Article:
Macau has the reputation of being the Las Vegas of Asia. Indeed, this Chinese territory measuring only around 30 square kilometers is no different from its western counterpart. Although, its gaming industry revenue is now three times more. Hence, its rightful claim to the title of gambling capital of the world to date.
Indeed, tourists to this amazing place are in awe of its casino complexes and massive themed hotels. But beyond the glitz and lights of the gambling city, Macau remains home to a variety of landmark attractions. Its cultural heritage and fusion style cuisine are more reasons to visit this destination. Last but not the least, duty-free shopping can also make your trip more enjoyable.
Among the hotels and casinos of Macau, the Grand Lisboa Hotel and Casino Complex is a popular tourist landmark. Measuring 258 meters, it is the tallest building on the territory. Unique to this establishment is the presence of five floors dedicated to gaming.
The Venetian Hotel and casino is another massive complex measuring 980,000 square meters. The key crowd-puller for this site is its Gondola Ride going around its manmade canal. Imagine taking a romantic ride as the boatman serenades you amid the backdrop of an Italian-themed environment.
However, if the casino scene is not your style rest assured Macau offers a range of alternative attractions to tickle your fancy. Did you know the city is home to a couple of UNESCO World Heritage Sites? These historic attractions of Macau are the A-Ma Temple and the Ruins of St. Paul’s Cathedral. The latter is an Instagram worthy location no social media enthusiast can pass up.
In the heart of the city lies the famous Senado Square. Despite its name, it is interesting to note the attraction has more of a triangular shape. Moreover, its atmosphere evokes images of the Mediterranean because of the neo-classical buildings in pastel colors all over the urban center. Then again, the occasional dragon and lion dances performed in the square at certain times of the year are a quick reminder of where you are.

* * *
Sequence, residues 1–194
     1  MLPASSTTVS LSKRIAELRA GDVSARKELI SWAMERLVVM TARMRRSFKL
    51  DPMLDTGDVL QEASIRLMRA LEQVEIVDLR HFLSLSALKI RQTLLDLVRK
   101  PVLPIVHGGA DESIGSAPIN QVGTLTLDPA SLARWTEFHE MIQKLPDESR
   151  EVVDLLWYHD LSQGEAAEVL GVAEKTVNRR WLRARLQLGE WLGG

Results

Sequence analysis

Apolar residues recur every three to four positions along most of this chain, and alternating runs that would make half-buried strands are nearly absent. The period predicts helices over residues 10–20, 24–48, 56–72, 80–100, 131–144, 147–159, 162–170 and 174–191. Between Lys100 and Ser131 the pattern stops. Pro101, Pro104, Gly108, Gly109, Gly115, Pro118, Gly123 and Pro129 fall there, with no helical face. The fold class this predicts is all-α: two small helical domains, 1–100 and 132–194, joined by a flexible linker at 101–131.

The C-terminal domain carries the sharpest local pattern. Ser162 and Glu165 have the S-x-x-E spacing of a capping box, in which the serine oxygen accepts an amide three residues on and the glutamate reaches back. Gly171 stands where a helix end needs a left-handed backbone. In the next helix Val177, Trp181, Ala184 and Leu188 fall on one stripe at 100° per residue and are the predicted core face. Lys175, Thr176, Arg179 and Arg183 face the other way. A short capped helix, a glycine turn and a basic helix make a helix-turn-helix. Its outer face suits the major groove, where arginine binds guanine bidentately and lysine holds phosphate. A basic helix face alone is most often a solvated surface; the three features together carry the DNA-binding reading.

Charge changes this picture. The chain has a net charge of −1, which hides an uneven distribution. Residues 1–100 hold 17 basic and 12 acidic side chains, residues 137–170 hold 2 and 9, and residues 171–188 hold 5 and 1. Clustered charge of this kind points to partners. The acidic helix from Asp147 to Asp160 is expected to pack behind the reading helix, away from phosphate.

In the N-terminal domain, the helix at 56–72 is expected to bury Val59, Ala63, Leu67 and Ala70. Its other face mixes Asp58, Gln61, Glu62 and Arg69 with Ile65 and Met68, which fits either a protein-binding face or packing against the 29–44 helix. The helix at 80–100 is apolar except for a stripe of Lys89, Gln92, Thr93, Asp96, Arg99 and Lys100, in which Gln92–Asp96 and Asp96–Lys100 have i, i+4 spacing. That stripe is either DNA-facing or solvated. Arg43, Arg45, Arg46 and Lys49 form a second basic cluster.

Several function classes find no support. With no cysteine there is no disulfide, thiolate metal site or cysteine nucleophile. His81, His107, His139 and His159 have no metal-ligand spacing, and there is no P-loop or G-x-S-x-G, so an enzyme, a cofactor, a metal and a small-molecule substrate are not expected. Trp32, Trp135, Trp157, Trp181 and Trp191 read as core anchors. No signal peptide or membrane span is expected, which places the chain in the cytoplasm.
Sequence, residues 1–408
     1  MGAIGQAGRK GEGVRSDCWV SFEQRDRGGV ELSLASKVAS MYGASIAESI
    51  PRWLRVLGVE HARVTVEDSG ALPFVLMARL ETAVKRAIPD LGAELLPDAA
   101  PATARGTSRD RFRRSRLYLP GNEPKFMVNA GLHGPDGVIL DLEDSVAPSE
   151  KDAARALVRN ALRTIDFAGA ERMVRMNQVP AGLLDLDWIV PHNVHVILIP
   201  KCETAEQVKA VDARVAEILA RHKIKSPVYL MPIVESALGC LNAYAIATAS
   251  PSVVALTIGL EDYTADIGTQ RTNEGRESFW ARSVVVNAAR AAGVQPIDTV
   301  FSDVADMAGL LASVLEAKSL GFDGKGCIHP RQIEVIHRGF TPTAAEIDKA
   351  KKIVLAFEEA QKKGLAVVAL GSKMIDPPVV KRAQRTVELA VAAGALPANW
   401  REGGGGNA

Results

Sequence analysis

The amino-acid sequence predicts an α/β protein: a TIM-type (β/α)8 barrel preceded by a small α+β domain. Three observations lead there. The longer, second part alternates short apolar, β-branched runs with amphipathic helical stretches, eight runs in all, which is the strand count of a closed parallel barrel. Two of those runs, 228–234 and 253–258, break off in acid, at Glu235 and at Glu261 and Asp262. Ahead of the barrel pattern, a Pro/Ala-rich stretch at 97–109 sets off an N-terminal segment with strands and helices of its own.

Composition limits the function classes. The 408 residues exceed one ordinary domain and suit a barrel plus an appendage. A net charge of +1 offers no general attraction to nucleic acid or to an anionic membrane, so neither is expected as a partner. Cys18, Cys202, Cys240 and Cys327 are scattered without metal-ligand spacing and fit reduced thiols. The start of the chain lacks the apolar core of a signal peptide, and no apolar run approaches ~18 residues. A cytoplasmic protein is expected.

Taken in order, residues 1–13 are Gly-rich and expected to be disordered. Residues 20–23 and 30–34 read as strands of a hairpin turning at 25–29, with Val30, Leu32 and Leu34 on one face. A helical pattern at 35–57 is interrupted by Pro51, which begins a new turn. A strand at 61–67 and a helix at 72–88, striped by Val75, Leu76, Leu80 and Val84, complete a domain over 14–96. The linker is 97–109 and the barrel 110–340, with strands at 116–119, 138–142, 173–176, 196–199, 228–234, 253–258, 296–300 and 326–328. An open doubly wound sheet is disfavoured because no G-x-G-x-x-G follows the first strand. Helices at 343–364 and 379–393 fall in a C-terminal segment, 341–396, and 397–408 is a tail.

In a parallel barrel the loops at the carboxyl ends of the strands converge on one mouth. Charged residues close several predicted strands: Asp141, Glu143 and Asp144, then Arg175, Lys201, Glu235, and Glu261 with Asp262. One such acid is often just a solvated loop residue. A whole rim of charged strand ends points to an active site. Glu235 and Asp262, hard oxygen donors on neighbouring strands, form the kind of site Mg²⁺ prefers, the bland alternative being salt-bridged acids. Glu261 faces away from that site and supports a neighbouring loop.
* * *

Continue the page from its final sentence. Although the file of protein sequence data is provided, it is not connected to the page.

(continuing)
Are you afraid of heights? If not, then make it a point to visit the Macau Tower. Adrenaline junkies who want a serious rush can go for an outdoor Skywalk around its level 61 Adventure deck. For the truly adventurous, the option to go on a Bungy Jump is available. Are you up for it?
However, those who have a weaker constitution can still enjoy the 360-degree view of Macau at the Observation Lounge on level 58. Imagine sipping coffee or eating ice cream from up above. Now, it might be an experience worth setting your acrophobia aside.
Macau cuisine is another reason why tourists flock to this Chinese territory. The food is a masterful blend of Chinese, Portuguese and Southeast Asian cuisines. The additional influences from Europe, Africa and Latin America make it even more special. Hence, it is certain to satisfy even the most discerning palate. While in Macau, be sure to taste their most famous dessert – the Portuguese egg tart. Like the varied attractions throughout the city, no trip to Macau would be complete unless you take a bite of this iconic pastry.
The seamless union of old and new in Macau makes it a haven for any tourist, even if you do not have a fondness for gambling.
People & Culture
Macau's interesting culture is a fascinating cross between the East and the West. Macau is a blend of the cultures of the Chinese, the Portuguese and the Macanese. This booming "Vegas of China" may look daunting and hard to navigate but remembering basic etiquette while in Macau can get you through. Here are some important points on people and culture in Macau to take note of.
The Historic Center of Macau embodies the fusion of Chinese and Western cultures. The local life styles often clearly depict the unique culture in Macau. Whenever there are festivals - whether that of the Chinese or of the Westerners - festivities are always in order.
Chinese residents staying in Macau still observe traditional Chinese festivals such as the Spring Festival, Dragon Boat Festival, Mid-Autumn Festival and Pure Brightness Festival. During the Spring Festival, devoted patrons gather in the Temple of Mazu to thank the deity for providing joy and luck to their lives. Christian festivals like the parade of Jesus' statue are also heavily celebrated in Macau. These festivals stand as a symbol of the diversity that is ever so present in Macau.
As one of the most popular tourist destinations in Asia, there's no wonder why people from Macau are friendly to foreign tourists. However, most of them are really modest and shy. Though a very Western city, English is only spoken by a few locals and most people here break the language barrier by communicating in small friendly gestures and signs. They often welcome visitors with a light handshake.
In Macau, everyone's gorgeous - locals address random people with "handsome boy" and "pretty girl." It's one of their ways to break the ice.
Saying "thank you" in Macau can be done in two ways - "mm goi sai" and "do tze sai." It's important to know when to use these two phrases. "Mm goi sai" is used during informal settings - usually when you get your change or when the server hands you your food. "Do tze sai" is intended to express deeper gratitude - usually used after receiving a present.
Tips & Useful Information
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